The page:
Scott Pilgrim vs. the World
Let's start with this: Technically, Scott Pilgrim vs. the World is not an indie movie. I mean, not really. When I think of a truly independent film, I think of a motley crew of actors and filmmakers armed with their own cameras, a budget of virtually nothing, and a strong DIY aesthetic. And by those standards, Scott Pilgrim just doesn't fit the bill. It's a big-budget movie, relatively speaking, with visual effects that qualify as truly cutting-edge. In Michael Cera and Jason Schwartzman, it has at least two familiar actors. It has the backing of a studio. It's no Avatar, but it's no home movie, either.
I say all this because the film will likely be classified as an "indie comedy," but let's be more precise: Scott Pilgrim is more like an action-packed comedy that celebrates—and at times sends up—a particularly indie culture. It's fueled by punk rock and a love of classic Nintendo; its visual vocabulary is part manga, part Mario Brothers. Its quirky, sweetly awkward central love story feels cut from the same cloth as Juno, while its genre-bending sci-fi slant feels akin to Eternal Sunshine of the Spotless Mind. Its action scenes are spectacular, and it's the funniest picture I've seen all year.
So, what is it, exactly? It's hard to put into just a few words, except to say that it's an unmitigated joy and an absolute blast. So let's start with its origins. Scott Pilgrim vs. the World is based on a graphic novel by Bryan Lee O'Malley; his work fused a love of anime and manga with a particularly indie aesthetic and a sense of humor that managed to be sweet and irreverent at the same time.
The movie could be described in much the same way: In fact, director Edgar Wright—a cult favorite for films such as Hot Fuzz and Shaun of the Dead—has made what might be one of the most lovingly accurate graphic novel adaptations of all time, a movie that is clearly enamored and respectful to both the particulars and the spirit of its source material. It's a movie that's utterly enthralled with its own comic book origins, in a way that no movie this side of American Splendor has been—and it shows in every frame, as Wright brings bright colors and goofy humor to a production that splices animation and video game graphics into every single live-action frame.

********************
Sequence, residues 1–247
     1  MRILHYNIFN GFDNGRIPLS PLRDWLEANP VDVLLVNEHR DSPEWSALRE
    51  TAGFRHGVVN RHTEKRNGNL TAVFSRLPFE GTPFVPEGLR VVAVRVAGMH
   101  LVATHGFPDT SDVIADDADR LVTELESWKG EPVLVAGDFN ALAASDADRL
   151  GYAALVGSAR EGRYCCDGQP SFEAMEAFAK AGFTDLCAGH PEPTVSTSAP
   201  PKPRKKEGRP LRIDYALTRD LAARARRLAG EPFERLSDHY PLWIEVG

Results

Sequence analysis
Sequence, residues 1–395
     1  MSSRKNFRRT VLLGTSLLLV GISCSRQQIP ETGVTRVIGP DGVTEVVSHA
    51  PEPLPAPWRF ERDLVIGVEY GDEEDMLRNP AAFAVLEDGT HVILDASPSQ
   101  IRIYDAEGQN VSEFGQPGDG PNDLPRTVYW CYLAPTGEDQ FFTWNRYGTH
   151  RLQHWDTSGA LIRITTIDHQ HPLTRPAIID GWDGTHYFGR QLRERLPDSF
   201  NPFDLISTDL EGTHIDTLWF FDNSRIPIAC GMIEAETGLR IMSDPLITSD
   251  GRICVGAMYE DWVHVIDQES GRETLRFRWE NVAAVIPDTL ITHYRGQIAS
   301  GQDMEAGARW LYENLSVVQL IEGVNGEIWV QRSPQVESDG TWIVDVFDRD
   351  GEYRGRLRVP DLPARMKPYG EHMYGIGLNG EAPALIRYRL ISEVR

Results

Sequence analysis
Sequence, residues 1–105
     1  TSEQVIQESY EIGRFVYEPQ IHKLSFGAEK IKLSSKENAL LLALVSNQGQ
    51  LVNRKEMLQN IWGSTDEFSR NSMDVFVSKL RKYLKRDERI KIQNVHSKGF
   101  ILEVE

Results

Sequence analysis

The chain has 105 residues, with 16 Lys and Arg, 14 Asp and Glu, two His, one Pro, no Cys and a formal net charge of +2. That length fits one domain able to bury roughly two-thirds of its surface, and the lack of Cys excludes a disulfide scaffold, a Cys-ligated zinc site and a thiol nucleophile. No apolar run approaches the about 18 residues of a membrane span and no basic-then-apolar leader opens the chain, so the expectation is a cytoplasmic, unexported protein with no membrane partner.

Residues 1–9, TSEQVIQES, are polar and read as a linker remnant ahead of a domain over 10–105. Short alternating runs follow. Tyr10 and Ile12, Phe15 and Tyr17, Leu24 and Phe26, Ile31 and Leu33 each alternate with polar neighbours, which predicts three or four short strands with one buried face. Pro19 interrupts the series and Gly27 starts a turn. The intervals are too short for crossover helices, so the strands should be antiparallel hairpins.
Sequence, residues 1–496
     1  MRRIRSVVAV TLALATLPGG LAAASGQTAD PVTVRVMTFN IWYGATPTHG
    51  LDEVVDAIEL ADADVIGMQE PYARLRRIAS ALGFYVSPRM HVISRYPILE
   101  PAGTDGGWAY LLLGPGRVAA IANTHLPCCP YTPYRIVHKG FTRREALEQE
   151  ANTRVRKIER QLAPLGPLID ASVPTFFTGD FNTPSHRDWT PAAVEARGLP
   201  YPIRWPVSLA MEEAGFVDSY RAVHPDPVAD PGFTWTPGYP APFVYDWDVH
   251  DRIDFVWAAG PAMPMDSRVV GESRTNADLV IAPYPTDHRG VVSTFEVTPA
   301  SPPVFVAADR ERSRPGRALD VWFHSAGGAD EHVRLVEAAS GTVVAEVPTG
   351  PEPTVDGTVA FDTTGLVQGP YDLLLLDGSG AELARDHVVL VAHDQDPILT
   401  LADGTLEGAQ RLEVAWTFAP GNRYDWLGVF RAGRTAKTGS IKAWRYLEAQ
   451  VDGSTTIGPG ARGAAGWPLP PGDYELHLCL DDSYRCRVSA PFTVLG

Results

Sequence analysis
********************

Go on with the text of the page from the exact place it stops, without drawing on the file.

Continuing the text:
And in that sense, I'd almost call it this year's Speed Racer. I'm in the minority of those who happen to think Speed Racer was an unmitigated masterpiece of sheer creativity and joy—a movie where the style is the substance, a movie that's just about being a movie, a movie that never asks to be taken for anything but face value. Scott Pilgrim is in the same boat. Some might see it as some great hipster parable, a postmodern epic for the Nintendo generation; personally, I think it's simply a triumph of dizzying cinematic style for its own sake, and as such, it never misses a beat or hits a false note.
And yet, there's more to it than the pretty pictures and the geeky humor. This is a movie with heart. So what's it about? Scott Pilgrim (Michael Cera, playing a punk rock/action hero version of his Junocharacter) plays bass for an up-and-coming garage band. He has a gay roommate (Kieran Culkin, delightfully deadpan). He's dating a high school girl named Knives (Ellen Wong, wonderfully enthusiastic and sweet). He falls for another girl, a mysterious stranger who literally skates through his dreams (Ramona, played by Mary Elizabeth Winstead, channeling the Kate Winslet of Eternal Sunshine right down to the striking blue hair). So, it's out with Knives, in with Ramona—except, in order to date her, Scott finds that, for reasons never made entirely clear (but who cares?), he must defeat each of her seven evil exes in battle. The seventh ex happens to be Gideon (Jason Schwartzman in his juiciest role yet), a record label guru whose Battle of the Bands contest Scott's trio is trying to conquer.